Tesla President of Automotive Jerome Guillen recently opened up about Tesla’s plans for expanding and optimizing Gigafactory 1 in Sparks, Nevada. As usual, Tesla is keeping a watchful eye on the future with the construction of its new Shanghai Gigafactory, but Gigafactory 1 isn’t yet close to reaching its own max potential.
CNBC recently toured Tesla’s Gigafactory in Sparks, Nevada, during which it took a look at the Model 3 battery pack assembly lines before sitting down to talk with Jerome. In the interview, he opened up about Tesla’s plans to grow its production capacity at Gigafactory 1, building on three main pillars of effort:
Building more battery cell manufacturing lines at the Gigafactory
This is being done in concert with Tesla’s exclusive battery cell manufacturing partner, Panasonic. This not only increases the total production capacity of the Gigafactory, but also allows the company to leverage greater economies of scale, which spreads fixed costs associated with running the company out over a larger volume of batteries.
Tesla needs to build more batteries, as its demand for 2170 lithium-ion battery cells currently outstrips what it can produce at the Gigafactory. As Tesla looks to 2019 and the rollout of the Model 3 to European and Asian markets, it is going to need boatloads of additional battery capacity to support those volumes.
To support that expansion for the near term, it is going to need more batteries from Gigafactory 1. Long term, the company plans to build additional gigafactories in each major market, with the first gigafactory outside of the US being already under construction outside of Shanghai. Another gigafactory is slated for Western Europe, with Elon Musk noting months ago that it would likely be somewhere along the French–German border.
Improving the design of the battery cell manufacturing lines
Tesla lives and breathes innovation and it is this continuous innovation that has driven it to produce cars, energy storage products, and solar products that get better with every generation — sometimes even after they have been sold to customers.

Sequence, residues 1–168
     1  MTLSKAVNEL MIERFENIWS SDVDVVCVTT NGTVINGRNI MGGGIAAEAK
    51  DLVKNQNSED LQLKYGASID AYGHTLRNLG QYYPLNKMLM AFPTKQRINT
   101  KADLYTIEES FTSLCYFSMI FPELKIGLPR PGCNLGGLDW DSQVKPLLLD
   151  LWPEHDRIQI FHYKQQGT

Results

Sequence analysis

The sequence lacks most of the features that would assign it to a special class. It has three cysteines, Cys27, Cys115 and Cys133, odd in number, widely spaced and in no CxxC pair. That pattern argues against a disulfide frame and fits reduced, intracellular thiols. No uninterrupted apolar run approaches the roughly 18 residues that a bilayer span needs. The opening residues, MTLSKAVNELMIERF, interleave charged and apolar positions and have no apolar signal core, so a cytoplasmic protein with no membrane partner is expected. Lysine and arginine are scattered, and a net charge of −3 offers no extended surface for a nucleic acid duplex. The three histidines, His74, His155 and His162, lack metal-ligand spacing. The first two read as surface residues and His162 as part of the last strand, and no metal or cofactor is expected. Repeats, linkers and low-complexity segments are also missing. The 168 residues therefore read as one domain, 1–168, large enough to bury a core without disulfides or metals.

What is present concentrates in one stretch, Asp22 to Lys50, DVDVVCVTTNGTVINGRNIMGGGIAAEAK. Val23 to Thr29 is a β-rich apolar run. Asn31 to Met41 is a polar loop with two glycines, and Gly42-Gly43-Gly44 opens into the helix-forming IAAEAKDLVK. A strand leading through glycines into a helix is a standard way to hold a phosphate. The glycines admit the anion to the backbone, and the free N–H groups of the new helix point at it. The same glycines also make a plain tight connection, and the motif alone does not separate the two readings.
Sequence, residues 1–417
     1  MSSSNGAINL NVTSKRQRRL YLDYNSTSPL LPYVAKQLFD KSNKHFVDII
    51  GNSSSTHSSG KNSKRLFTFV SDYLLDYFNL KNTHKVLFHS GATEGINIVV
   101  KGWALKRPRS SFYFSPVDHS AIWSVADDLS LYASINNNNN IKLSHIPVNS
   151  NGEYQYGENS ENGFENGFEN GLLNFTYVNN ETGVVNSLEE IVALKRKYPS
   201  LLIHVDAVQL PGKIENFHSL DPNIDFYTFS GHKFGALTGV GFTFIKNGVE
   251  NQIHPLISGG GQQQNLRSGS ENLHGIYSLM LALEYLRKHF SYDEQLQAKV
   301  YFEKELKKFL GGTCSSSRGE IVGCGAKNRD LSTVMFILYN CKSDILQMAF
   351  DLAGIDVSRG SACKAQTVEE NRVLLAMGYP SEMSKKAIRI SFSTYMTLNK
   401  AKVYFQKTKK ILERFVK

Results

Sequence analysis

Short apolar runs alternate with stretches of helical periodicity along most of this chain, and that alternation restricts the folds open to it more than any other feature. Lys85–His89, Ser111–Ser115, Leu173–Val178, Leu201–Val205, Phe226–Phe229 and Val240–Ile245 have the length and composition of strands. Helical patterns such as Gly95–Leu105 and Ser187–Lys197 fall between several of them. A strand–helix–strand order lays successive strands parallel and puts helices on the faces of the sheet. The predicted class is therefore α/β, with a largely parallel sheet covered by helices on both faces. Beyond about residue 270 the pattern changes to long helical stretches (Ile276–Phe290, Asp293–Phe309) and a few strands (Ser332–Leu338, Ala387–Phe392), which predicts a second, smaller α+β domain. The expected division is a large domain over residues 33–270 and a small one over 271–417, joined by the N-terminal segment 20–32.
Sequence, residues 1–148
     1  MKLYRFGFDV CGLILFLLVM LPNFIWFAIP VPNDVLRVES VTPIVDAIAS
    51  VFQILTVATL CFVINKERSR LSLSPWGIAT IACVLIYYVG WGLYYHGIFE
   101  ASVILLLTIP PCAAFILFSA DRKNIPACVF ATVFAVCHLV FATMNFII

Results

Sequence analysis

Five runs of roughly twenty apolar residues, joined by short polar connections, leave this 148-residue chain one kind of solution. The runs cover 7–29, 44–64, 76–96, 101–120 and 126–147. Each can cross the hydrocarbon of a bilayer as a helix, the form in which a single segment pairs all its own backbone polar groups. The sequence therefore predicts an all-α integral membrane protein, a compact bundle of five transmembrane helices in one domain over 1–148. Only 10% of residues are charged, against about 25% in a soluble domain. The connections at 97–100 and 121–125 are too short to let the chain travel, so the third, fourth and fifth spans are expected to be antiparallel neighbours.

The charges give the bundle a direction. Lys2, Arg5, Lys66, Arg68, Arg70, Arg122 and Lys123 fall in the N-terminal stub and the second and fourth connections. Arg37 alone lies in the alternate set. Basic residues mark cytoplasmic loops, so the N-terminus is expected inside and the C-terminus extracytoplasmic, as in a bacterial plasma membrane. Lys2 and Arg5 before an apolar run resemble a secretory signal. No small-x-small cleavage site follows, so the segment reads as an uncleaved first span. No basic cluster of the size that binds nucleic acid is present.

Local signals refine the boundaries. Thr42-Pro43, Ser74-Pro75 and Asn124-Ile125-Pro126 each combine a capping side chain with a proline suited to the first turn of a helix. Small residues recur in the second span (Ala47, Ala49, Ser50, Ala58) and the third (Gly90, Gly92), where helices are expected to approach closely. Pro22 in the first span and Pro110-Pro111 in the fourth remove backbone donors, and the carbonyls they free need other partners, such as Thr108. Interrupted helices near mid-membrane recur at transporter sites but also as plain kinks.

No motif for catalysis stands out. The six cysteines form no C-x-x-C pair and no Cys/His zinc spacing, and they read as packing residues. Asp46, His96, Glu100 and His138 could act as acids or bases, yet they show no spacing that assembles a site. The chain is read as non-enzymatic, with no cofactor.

Improving its battery cell manufacturing lines plays out most clearly for its new production lines at GF1 and future gigafactories, but some of those improvements can also be rolled into existing production lines at GF1 in Nevada.
Jerome said that the improvements being made to the battery cell production lines are being made to improve the yield, the throughput, and the capacity of each production line. Squeezing out extra batteries from a single line means Tesla is getting more return on the capital it invested in existing production lines, which translates to lower capex in the long run.
Improving the design of the 2170 battery cell
Tesla started off building its vehicles using commodity 18650 lithium-ion battery cells but did so with a watchful eye to the future, to the day when it would be able to build its own cells. The Gigafactory in Sparks, Nevada, made that dream a reality and ushered in Tesla’s proprietary 2170 form factor, which stretched the diameter of the round 18650 cells 3 mm to a 21 mm diameter and stretched them from 65 mm long to 70 mm long.
The idea was that this 2170 form factor was the perfect blend of energy density — or the amount of energy stored in a given volume — and surface area for cooling. Batteries run hot when being charged and heat management is directly linked to the performance and longevity of the batteries, making heat management one of the key systems in any electric vehicle.
“The design of the cell is not frozen. It evolves and we have a very nice roadmap of technology improvements for the coming years,” Guillen said in the interview. This is consistent with what we know of Tesla and its relentless pursuit of perfection in engineering, design, production, chemistry … you name it. They just don’t stop innovating. (And thank God for that!)